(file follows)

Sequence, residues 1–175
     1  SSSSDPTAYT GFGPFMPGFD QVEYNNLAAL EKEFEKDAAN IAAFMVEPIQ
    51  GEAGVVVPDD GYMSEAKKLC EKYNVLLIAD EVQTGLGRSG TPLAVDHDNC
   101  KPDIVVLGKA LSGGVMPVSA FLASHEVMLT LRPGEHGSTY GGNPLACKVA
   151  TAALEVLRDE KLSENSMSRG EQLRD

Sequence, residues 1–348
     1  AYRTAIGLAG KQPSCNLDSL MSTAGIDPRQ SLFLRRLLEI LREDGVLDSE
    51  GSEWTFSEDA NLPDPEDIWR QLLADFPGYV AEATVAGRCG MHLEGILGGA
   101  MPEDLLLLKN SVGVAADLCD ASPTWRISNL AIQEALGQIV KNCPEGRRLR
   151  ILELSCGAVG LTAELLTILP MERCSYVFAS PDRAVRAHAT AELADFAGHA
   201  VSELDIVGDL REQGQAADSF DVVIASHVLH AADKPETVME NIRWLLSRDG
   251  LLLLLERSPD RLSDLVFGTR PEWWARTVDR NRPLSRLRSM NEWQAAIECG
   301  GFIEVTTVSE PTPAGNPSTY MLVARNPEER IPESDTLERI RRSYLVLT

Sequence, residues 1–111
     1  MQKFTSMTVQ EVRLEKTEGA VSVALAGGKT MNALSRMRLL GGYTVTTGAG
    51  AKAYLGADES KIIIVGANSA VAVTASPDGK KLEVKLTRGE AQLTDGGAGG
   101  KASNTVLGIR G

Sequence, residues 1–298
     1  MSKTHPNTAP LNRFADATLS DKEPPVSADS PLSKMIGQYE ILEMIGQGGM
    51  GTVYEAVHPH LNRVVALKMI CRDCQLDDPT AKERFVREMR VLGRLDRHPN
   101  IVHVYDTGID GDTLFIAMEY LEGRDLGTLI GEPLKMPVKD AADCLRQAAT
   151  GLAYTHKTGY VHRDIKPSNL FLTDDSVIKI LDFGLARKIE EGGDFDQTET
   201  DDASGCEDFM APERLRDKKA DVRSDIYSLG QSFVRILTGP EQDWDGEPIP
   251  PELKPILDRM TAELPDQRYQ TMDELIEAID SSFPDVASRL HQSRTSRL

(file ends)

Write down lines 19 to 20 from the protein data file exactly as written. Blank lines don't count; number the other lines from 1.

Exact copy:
     1  MSKTHPNTAP LNRFADATLS DKEPPVSADS PLSKMIGQYE ILEMIGQGGM
    51  GTVYEAVHPH LNRVVALKMI CRDCQLDDPT AKERFVREMR VLGRLDRHPN